While not the biggest hike you can find in Iceland, it’s a must do. Only an hour away from Reykjavik, it is easily accessible for the perfect day trip. The four mile round trip hike to Glymur Waterfall is jam packed with fun! Hidden in the lush Botnsdalur Valley, it was once the highest waterfall in Iceland. Now in second place, at 198m (650′), it is still a sight to see!
Hike to Glymur Waterfall
Miles: 4 R/T ♦ Elevation Gain: 1,484′ ♦ Trail Type: Lollipop Loop ♦ Trail: Moderate to Hard
This truly was a highlight of the trip. I didn’t know what to expect, other than it was our first hike and we were definitely in need of one. Hiking to Glymur Waterfall is a must do. I know in Iceland, that a lot of places are put on the “must do” list for people. What makes this one different? I think it’s the highlights along the way, the challenge of getting to the top and the unique beauty along the way.
It may seem like it will be a bit crowded, but it never felt that way. People are spread out enough and focusing on the many different points along the way. It’s busiest at the beginning, but even when you run into people, we found they were the happiest people. Even towards the top, people were wanting to high five to their accomplishment. It’s a challenge and people are excited that they made it so far and that they were so close to the top.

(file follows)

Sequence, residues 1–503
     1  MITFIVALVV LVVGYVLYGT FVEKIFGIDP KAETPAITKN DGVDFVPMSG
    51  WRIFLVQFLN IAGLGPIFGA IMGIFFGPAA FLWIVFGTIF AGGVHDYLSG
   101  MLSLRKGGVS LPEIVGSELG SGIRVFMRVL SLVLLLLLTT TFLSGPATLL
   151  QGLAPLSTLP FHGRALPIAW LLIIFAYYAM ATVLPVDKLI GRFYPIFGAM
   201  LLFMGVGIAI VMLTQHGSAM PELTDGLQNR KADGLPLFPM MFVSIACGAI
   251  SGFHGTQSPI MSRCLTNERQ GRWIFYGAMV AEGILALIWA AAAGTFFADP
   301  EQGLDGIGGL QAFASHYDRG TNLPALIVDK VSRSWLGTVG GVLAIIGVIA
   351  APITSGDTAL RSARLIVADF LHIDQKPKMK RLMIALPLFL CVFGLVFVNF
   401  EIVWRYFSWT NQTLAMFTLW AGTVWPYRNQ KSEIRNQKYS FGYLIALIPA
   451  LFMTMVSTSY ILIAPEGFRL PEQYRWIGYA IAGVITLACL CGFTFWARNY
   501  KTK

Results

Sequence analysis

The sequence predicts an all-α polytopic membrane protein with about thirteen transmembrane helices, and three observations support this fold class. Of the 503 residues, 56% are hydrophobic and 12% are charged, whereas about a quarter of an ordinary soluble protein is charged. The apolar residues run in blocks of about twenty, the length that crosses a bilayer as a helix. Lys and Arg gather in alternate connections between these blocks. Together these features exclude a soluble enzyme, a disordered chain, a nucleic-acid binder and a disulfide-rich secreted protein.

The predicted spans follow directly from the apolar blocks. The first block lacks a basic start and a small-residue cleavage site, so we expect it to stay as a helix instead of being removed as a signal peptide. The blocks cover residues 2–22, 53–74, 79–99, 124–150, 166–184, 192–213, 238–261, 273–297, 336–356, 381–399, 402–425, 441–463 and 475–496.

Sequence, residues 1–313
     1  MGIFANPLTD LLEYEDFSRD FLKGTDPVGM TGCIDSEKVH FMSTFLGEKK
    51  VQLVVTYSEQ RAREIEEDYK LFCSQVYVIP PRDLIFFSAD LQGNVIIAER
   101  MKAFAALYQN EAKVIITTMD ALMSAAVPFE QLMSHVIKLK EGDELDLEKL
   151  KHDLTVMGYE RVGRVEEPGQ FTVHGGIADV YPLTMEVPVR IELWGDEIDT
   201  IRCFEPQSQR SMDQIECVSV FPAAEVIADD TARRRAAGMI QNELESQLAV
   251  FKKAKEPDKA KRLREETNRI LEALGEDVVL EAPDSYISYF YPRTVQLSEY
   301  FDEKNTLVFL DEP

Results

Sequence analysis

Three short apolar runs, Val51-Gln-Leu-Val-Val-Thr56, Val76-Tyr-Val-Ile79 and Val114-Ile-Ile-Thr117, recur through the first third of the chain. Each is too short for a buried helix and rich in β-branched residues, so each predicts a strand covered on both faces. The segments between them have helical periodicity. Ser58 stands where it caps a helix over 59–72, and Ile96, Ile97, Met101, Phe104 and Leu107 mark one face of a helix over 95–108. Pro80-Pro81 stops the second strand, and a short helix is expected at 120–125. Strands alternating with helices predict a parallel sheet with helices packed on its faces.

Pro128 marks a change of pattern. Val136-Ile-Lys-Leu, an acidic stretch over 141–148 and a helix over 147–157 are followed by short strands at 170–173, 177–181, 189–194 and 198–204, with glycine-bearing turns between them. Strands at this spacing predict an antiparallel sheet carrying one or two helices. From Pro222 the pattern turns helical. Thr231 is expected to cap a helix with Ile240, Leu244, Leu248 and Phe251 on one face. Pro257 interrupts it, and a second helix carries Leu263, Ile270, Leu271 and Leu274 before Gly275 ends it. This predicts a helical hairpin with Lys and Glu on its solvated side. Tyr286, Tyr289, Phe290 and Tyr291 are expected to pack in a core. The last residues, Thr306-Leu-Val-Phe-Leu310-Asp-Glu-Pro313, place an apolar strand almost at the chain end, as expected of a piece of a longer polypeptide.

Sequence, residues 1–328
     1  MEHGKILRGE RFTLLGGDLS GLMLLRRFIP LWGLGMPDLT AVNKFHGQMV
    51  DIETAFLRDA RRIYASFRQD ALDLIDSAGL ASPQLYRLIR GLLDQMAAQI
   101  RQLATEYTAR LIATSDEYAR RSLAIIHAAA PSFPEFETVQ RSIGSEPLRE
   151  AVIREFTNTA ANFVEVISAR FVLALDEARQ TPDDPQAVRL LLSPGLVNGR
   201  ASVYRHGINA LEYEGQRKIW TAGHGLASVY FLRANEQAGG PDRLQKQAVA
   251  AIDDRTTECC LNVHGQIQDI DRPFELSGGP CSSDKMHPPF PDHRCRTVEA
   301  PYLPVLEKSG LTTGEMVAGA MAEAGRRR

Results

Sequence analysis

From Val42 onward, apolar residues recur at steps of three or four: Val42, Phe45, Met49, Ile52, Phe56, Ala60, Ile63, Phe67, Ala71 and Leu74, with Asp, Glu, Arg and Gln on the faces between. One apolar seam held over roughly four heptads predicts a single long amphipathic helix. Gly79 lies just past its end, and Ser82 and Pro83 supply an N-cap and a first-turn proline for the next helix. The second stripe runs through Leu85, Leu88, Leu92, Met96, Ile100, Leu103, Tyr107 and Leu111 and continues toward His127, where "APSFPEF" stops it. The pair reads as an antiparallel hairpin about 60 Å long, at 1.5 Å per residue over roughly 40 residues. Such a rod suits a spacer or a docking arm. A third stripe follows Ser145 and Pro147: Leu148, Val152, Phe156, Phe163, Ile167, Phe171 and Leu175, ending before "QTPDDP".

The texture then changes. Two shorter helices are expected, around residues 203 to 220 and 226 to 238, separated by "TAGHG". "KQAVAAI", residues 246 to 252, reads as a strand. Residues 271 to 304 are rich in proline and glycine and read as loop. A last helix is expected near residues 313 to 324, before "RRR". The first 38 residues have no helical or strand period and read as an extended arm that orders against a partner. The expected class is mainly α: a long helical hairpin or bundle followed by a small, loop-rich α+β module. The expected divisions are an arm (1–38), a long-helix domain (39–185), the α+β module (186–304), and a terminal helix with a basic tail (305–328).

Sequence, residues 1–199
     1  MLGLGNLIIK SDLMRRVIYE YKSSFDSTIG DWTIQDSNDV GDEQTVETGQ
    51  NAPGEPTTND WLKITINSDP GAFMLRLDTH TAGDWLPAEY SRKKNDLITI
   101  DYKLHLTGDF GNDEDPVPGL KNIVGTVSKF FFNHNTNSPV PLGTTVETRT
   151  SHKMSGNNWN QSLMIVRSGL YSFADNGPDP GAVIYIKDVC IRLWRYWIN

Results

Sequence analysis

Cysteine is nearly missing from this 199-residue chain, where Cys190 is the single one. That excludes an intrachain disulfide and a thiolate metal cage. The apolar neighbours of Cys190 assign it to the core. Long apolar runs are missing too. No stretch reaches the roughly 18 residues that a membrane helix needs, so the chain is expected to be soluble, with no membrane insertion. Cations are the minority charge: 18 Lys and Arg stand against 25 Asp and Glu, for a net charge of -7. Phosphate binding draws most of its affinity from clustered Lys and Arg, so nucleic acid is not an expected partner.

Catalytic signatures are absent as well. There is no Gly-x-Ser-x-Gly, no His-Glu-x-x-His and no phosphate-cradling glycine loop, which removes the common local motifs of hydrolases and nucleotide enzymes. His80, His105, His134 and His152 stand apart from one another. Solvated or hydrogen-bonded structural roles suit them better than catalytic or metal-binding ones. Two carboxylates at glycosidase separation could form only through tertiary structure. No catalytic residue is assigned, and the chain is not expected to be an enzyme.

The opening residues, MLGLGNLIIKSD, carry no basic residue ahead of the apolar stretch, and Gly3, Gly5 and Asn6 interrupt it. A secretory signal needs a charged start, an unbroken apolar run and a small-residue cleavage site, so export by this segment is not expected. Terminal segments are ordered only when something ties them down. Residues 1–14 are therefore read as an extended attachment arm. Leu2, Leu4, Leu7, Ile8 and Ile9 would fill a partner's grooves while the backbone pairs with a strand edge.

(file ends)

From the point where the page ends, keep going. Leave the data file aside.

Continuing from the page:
Make your first stop the map. It provides highlights that you should stop at and a couple options on the way down.
Once you make it to the parking lot, it may seem like a dead end. All you have to do is walk to the end of the road where the gate is and walk through. There is private property back there, so make sure to stay on the trails.
The trail is very well marked the entire way up and usually has heavy traffic, so you never have to worry about wandering off trail. Or just look up and you will see the trail along the ridge.
The path is relatively flat to start, a bit rocky from the lava fields but very manageable. The first highlight of the trip is the Pvottahellir Lava Cave. Enter here:
Come out here:
Just past the cave, about a quarter mile away, is a river crossing. This river crossing is over a log with a rope the entire way. There was no point where we could just walk through or jump rocks. It will definitely test your balance, so hopefully you have good shoes!